My mom was a superb country cook. She excelled at pies, cakes, and fried chicken. She made wonderful pickled beets and 14-day sweet pickles, canning dozens of jars of such goodies each summer. At Christmas-time, our house smelled like a bakery, a delightful place to enter if you'd been out making snowmen or sledding.
The trouble is, I didn't learn much from her. I was a self-willed, lazy, rebellious kid, especially once I hit my teens. And I think it was easier for Mother to bake without me underfoot, anyhow.
When I graduated high school, I got my own apartment and fended for myself. It was nothing for me to have a half-box of raisins for my evening meal. Or pancakes. Or corn bread and milk. I did fine like this for a couple of years, but every once in awhile there were things I'd get hungry for, but have no idea how to make. My sister, always a great cook, had a Better Homes and Gardens cookbook I'd seen her refer to when making cookies, and I figured if I had a cookbook like hers, I'd be able to cook like she did. I worked for minimum wage, so coming up with the money for my Better Homes And Gardens cookbook took awhile. But I finally managed, and bought one exactly like this:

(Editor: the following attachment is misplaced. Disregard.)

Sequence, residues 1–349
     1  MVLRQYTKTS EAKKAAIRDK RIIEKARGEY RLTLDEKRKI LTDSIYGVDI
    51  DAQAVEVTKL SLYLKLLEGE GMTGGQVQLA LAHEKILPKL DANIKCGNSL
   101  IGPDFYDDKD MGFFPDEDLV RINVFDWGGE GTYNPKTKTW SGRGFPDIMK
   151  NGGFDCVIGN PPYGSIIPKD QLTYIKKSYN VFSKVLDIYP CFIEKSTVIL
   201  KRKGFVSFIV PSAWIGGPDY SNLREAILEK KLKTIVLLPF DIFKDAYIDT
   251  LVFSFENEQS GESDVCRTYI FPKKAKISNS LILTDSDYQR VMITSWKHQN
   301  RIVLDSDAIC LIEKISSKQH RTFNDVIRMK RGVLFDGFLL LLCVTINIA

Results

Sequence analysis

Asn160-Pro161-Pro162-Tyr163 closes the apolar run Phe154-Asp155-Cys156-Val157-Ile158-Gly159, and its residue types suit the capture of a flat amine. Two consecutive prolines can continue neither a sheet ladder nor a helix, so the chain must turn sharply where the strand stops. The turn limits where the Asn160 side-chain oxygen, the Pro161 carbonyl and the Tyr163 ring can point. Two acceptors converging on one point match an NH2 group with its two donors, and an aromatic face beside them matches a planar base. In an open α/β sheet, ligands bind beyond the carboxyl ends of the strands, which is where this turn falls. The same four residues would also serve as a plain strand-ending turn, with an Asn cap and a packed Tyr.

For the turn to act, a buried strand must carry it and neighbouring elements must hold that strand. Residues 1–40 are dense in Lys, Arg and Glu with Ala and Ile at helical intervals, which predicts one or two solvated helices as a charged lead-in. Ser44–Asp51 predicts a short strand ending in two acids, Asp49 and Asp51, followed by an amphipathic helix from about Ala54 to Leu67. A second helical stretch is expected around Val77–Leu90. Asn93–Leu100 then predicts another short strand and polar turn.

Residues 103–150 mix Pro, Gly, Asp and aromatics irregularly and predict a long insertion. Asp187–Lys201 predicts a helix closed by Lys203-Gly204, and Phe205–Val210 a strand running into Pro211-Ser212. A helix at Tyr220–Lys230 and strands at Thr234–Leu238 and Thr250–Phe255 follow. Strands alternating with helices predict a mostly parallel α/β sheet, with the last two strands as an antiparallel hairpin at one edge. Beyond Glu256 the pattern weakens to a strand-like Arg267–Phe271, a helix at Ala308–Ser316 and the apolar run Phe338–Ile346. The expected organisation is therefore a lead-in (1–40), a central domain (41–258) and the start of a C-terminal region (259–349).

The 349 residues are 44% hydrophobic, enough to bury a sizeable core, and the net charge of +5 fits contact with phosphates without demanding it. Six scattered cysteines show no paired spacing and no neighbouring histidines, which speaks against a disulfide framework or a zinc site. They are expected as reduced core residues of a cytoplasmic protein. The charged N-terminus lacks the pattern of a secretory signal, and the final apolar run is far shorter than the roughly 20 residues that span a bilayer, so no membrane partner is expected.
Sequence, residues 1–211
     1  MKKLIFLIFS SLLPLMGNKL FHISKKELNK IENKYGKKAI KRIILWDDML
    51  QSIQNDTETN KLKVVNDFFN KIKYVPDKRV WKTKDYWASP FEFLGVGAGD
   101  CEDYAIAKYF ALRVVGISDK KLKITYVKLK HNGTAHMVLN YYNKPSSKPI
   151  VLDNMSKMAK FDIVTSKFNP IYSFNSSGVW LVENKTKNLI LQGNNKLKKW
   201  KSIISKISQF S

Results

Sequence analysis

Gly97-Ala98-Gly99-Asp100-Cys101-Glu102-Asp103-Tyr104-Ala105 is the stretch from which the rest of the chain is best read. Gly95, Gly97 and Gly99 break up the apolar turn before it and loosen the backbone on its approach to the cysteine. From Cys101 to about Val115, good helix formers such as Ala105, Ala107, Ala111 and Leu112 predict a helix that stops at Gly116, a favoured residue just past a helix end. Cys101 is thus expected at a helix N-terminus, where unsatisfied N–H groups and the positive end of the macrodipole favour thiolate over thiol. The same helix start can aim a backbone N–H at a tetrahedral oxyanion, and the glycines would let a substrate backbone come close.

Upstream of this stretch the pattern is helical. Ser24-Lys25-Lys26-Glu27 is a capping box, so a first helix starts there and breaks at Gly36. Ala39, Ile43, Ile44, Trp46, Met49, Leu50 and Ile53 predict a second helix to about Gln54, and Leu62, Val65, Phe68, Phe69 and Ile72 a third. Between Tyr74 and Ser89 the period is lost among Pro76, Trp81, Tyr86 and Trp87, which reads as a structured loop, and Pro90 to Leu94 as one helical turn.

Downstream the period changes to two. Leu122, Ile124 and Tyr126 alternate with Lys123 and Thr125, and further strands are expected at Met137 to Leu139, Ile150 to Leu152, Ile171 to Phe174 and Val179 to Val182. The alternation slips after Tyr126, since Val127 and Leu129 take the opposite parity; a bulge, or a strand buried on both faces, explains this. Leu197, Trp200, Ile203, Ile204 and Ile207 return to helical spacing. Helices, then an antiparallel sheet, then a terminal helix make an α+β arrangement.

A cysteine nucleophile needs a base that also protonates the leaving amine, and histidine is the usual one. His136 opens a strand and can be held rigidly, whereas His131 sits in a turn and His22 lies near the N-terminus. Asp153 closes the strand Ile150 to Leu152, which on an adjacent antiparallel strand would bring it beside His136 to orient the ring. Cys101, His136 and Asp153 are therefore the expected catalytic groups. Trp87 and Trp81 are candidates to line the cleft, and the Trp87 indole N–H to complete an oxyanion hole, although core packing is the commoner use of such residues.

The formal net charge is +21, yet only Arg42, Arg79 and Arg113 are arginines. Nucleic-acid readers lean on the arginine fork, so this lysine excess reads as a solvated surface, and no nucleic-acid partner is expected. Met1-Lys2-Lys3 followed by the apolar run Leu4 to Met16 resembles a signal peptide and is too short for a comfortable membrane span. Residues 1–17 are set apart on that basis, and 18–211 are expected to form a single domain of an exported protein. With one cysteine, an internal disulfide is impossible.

I still make apple pie exactly the way I learned it back then. And my dinner roll and cinnamon roll recipe came from these pages.
This is NOT the same cookbook, though. I'm a sloppy cook, and after using it diligently for about fifteen years, it was in horrible shape.
In 1980 I received a brand new Better Homes and Gardens cookbook for Christmas, and found out that there were some of the same recipes, but many had been changed or discarded. I learned this just in time to cut out a few of my favorite recipes from the old book before I tossed it in the trash.
The new book had good recipes too, and I learned to cook some different things. Still, I missed the old familiar tastes. I regretted throwing away my old stand-by.
OK, now fast-forward twenty-three years. I discovered Ebay, and found out there were many editions of Better Homes and Gardens Cookbook, going all the way back to 1930. The first thing I did was buy the 1960's edition, just like the one from which I learned so much. Then, one by one, I got every single edition... I think. Oh, you'll notice a couple of Better Crocker cookbooks there, too. Sometimes I get carried away.
When a new edition hits the bookstores, I buy it too. My favorite meat loaf recipe is in the 80's book, and I can never quite remember which one that is. So I look through three or four until I find it.
But at least half the time, I find myself going back to the sixties-vintage cookbook I started with. In the newer, health-concious versions, peanut butter cookies just aren't the same, and the recipe doesn't make enough cookies to pass around to all my grandchildren.